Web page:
Donald's Encyclopedia of Popular Music



An Islamic devotional musical genre, renowned for its lively delivery, popularly associated with Northern India and Pakistan but found all over Southern Asia wherever Muslim communities exist. While devoutly Islamic in nature, qawwali is also popular with Hindus, Sikhs and other religious groups. Like its Hindu devotional counterpart, bhajan, it has similarities with other light classical music forms from the region. Qawwali is a method of religious observance, closely associated with the Sufis, the Islamic mystical sect, and the flowering of Persian culture in the Indian subcontinent. 'Qawwali' (literally 'utterance' in Persian), like other Indian musical forms, is largely improvisatory in nature; it is reliant on the ability of the qawwal (qawwali singer) to mould the lyrics and rhythmic structure in such a way as to relate the emotional and religious content of the lyrics and stamp the performance with originality. The form originated with the Chisti order of Sufis in the early tenth century in Khorosan, who developed it to elevate the spirit and bring both performer and listener closer to God. The music's aim is to touch the listener and attain a state of grace or enlightenment, a stateless state known as Ma'rifat. Qawwali was taken to the Indian subcontinent by the Mughul empire, where it is usually sung in Persian, or latterly Urdu (the Indian language with closest semantic roots to Persian). Other languages in which qawwali is commonly sung include Parsi and Punjabi. Lyrically qawwali is noted for its rich use of religious and mystical symbol. By the late twentieth century qawwali was performed not only at religious shrines such as Ajmer, Rudauli, Data Durbar in Lahore and Nizamuddin Aulia in Delhi, but had also become a fixture in secular festivals and on concert stages all over the world; by overcoming racial, religious and caste divides at shrines such as Ajmer, the music also functioned as an important bridge between Muslim and Hindu communities. An example of the way in which mysticism suffuses the form, given in Regula Burckhardt Qureshi's Sufi Music Of India and Pakistan (Cambridge University Press, '86), is the account of the Sufi saint Qutabuddin Bakhtiyar-e-Kar who was inspired to ecstasy by the Persian mystic Ahmad Jam's couplet 'For the martyrs of the dagger of submission/The Unseen brings a new life every morning.' Each time the first line would be sung the saint would drop down dead, only to spring back to life with the second. After several days they ceased singing on the first line so he could find peace with the Beloved. Typically, qawwals are accompanied by a vocal chorus, handclapping, Indian drums such as tabla and dholak and (as in many Indian musical forms nowadays) harmonium. A typical performance will open with an instrumental statement or prelude on harmonium, a vocal solo, followed by a full vocal swell from the other vocalists and percussion accompaniment. Notable qawwals include Aziz Mian, the Sabri Brothers and Nusrat Fateh Ali Khan.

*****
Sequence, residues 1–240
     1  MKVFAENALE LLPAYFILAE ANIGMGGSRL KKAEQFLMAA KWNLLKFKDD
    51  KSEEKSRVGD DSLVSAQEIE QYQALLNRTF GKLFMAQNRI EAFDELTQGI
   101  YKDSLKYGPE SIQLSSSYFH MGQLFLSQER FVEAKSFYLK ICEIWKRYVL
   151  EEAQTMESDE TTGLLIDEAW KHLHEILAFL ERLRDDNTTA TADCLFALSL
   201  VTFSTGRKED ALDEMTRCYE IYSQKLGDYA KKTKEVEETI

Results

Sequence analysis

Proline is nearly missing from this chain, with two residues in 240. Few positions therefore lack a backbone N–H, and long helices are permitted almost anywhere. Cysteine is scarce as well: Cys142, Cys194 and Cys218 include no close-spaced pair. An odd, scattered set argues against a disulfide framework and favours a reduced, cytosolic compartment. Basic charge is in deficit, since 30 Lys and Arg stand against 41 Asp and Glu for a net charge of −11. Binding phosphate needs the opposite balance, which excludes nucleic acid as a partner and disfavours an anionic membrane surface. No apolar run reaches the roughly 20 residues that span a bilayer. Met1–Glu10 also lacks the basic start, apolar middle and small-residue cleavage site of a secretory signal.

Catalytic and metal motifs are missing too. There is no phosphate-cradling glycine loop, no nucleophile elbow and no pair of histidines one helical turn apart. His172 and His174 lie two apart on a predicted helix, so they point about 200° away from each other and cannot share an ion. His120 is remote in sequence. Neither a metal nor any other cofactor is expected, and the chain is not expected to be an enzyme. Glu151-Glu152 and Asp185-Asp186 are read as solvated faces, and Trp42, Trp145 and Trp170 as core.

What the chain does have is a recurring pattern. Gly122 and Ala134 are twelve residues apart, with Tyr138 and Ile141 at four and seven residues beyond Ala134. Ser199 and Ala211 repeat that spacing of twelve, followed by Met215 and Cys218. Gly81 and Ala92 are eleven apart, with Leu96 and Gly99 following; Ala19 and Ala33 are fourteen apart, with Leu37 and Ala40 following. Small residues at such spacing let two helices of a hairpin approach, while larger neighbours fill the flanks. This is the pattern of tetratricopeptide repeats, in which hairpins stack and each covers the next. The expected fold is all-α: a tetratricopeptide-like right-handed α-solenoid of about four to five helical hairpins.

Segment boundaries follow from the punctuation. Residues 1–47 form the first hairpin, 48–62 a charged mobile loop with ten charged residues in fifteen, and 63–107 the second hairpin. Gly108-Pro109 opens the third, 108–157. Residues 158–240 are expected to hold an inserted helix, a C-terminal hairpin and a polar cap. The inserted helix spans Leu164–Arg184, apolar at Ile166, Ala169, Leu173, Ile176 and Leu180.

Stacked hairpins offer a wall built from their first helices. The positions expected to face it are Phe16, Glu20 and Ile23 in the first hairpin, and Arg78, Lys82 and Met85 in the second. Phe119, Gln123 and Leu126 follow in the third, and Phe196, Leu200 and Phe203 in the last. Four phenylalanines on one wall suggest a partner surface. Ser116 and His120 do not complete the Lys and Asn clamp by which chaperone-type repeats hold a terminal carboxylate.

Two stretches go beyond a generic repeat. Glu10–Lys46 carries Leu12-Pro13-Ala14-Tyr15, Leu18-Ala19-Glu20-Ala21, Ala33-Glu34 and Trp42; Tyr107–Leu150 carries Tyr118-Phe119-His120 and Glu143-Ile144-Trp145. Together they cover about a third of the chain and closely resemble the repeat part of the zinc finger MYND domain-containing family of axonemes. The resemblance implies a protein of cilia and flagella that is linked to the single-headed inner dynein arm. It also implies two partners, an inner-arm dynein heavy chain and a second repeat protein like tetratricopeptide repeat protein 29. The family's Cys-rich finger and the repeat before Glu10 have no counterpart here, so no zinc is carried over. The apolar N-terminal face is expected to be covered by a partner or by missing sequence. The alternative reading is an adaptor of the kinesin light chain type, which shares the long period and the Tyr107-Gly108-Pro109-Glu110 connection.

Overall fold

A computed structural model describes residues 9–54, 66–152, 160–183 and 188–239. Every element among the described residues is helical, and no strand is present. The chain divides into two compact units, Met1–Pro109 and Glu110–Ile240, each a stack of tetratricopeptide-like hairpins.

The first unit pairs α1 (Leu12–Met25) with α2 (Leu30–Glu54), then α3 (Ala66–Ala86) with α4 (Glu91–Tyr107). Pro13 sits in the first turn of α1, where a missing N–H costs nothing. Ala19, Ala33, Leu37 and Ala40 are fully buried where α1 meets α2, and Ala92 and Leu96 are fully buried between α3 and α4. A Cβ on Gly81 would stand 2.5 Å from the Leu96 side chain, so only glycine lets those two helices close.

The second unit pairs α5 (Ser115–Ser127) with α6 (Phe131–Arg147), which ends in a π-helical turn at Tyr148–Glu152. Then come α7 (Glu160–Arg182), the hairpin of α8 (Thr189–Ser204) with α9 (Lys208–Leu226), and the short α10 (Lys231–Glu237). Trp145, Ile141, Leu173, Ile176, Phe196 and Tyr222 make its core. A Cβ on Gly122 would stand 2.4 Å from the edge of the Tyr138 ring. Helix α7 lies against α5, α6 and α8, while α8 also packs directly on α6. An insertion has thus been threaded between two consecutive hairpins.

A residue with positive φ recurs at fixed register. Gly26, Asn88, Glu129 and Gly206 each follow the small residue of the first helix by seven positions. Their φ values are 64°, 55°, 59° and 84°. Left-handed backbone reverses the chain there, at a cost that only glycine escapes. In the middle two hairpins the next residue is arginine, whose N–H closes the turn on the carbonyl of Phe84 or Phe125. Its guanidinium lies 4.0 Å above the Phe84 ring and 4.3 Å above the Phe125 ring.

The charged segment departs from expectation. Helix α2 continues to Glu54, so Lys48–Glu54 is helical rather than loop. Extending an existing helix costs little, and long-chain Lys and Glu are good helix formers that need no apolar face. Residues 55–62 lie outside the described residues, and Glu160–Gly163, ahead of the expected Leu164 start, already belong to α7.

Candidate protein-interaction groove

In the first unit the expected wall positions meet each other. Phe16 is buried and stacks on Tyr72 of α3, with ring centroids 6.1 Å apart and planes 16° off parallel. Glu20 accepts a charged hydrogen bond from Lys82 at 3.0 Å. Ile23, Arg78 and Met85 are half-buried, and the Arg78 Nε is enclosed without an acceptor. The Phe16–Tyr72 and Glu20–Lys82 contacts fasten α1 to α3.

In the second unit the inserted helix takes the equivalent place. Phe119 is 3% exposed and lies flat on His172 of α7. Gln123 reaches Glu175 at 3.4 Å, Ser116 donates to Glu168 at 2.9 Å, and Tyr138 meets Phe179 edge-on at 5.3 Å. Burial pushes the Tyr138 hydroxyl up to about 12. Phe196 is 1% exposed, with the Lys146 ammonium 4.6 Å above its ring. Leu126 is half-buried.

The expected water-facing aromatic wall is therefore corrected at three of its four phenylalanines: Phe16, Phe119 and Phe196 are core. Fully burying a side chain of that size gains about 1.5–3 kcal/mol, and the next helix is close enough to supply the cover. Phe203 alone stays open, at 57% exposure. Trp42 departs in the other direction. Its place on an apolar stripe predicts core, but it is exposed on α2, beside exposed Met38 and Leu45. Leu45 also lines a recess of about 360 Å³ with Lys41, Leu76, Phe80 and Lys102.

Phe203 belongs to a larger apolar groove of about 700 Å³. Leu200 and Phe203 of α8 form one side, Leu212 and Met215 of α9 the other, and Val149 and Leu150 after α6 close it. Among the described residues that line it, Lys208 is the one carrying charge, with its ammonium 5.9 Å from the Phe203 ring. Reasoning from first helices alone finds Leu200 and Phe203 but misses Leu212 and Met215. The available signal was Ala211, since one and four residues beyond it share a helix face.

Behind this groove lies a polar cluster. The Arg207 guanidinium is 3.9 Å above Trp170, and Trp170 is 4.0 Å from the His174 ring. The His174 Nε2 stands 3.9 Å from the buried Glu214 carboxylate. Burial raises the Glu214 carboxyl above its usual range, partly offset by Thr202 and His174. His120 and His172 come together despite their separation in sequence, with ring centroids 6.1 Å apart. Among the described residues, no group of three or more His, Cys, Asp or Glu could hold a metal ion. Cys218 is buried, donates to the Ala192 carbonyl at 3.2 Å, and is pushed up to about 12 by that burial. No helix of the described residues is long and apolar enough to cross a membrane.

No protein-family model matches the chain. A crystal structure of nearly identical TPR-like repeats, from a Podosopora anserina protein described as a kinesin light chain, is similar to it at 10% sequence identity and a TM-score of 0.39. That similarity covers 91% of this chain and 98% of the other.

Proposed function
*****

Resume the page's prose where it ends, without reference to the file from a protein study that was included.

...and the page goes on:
Qawwali has also been absorbed as an influence into filmi (Indian film music) to create a secular variant known as filmi qawwali. That the Indian film industry is second to none in rendering anything commercial is nowhere better illustrated than in its treatment of qawwali. Many Indians, especially Hindus, blur the distinction between the form's devotional original and the increasingly trashy popular derivative, but the only connection is the kidnapping of the word 'qawwali'. The first milestone on this road to ruin was Zeenat '44, the first film to introduce the genre. During the early '60s filmi was booming and migrated ever further from the music's origins; Al Hilal '58 had professional qawwal Ismail Azad singing, but the lyrics dwelt on female beauty and feminine shallowness. Barsaat Ki Raat '60 presented a host of male and female choruses, and a trend developed of presenting two parties in competition -- a qawwali group being called a party), for example, Mughal-e-Azam '60, incl. a qawwali battle of the bands; one male and one female party became a popular dramatic device. Good taste sometimes received a hearing; Garm Hava '73 included devotional lyrics sung by Aziz Ahmed Khan, Warzi and party and was shot on location at the shrine of Khwaja Salim Chishti near Agra. Normal service was resumed with Amar Akbar Anthony '77 which with a leap of the imagination transformed qawwali parties into Las Vegas chorus lines. Qawwalis From Films Volume 1 on EMI India is an anthology of filmi qawwalis, sourced from flicks such as Mera Naam Joker, Zanjeer, Painter Babu and Karma and sung by filmi stars (playback singers) of the calibre of Asha Bhosle, Mukesh, Kishore Kumar, Manhar and Mahendra Kapoor.